Warner: So Representative, do you think that in this regard things are moving too slowly? Because what we're hearing from Dr. Louis Katz is that these decisions are made very gradually over time with lots of data and that in his mind it needs to unfold thoughtfully. Do you think it's moving too slowly?

Polis: Well I, the initial decision, I'm sorry this change from a year ago as you indicated is really not much of a change. I mean gay people are still not allowed to donate blood. I mean who would have had the foresight to say we think there's going to be a crisis in Orlando, I'm going to abstain for a year just so I can give blood. I mean it just doesn't make any sense. There's nobody who thought that way. There's basically still a ban. I think society understands, certainly science understands that there are risk factors in one's exposure to STDs. One's orientation and who they're attracted to, is not a risk factor. If someone is in a married relationship, a monogamous relationship, they're at no greater risk if they are gay or straight and likewise if there are straight people who have multiple partners or gay people, it's completely appropriate to screen them out. But there's nothing innate with who one is attracted to that in and of itself is a risk factor. It's entirely based on conduct, IV drug use, unprotected sex and, very appropriately to secure a national blood supply, those should be items that we screen for.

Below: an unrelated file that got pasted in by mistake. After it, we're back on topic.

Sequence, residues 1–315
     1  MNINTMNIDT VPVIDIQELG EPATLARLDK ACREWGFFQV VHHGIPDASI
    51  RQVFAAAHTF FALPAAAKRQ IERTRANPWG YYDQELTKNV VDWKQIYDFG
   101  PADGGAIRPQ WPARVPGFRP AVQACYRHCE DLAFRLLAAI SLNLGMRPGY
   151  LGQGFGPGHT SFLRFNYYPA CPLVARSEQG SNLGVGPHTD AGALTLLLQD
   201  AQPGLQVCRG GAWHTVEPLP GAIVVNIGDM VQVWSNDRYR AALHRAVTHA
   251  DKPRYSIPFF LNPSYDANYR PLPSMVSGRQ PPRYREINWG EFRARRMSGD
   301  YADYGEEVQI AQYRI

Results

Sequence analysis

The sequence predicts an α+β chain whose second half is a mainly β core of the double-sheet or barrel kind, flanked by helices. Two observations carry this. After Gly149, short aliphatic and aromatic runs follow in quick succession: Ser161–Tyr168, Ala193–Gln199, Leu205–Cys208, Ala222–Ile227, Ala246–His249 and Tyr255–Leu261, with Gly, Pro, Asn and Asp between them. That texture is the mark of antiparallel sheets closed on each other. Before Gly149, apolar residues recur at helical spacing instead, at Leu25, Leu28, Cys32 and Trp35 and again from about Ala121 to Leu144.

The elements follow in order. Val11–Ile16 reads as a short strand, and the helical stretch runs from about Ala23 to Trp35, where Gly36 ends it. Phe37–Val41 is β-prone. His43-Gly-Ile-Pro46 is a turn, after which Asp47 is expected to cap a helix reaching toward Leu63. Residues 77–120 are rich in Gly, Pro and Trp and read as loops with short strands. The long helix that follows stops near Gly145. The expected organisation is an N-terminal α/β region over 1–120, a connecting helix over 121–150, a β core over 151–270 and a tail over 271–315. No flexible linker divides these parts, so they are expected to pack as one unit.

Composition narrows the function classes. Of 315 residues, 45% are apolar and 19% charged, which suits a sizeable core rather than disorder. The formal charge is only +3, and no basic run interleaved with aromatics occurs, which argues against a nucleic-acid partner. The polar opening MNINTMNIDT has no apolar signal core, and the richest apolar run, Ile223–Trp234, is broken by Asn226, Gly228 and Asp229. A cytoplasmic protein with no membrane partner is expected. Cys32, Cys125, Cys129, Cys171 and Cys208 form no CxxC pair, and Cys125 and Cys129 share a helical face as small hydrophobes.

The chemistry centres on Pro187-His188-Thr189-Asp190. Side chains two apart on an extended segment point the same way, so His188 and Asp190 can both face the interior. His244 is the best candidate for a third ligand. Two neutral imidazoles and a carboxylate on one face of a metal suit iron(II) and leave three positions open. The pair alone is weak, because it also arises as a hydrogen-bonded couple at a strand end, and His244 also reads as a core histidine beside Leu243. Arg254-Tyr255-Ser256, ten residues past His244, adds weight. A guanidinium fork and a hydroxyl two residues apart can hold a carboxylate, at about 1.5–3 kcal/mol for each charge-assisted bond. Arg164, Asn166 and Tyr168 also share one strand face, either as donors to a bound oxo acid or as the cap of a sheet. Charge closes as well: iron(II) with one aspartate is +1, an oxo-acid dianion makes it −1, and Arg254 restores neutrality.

Warner: So the FDA did entertain the idea of lifting the restrictions entirely but according to the AP, the agency said doing so could quadruple the number of HIV transmissions through blood transfusions. The current rate is one in two million blood units. So Representative Polis, I know that you keep pointing to behavior as the determinant here, but what do you make of those FDA numbers which is that if the policy changes, there might be a quadrupling of HIV transmissions.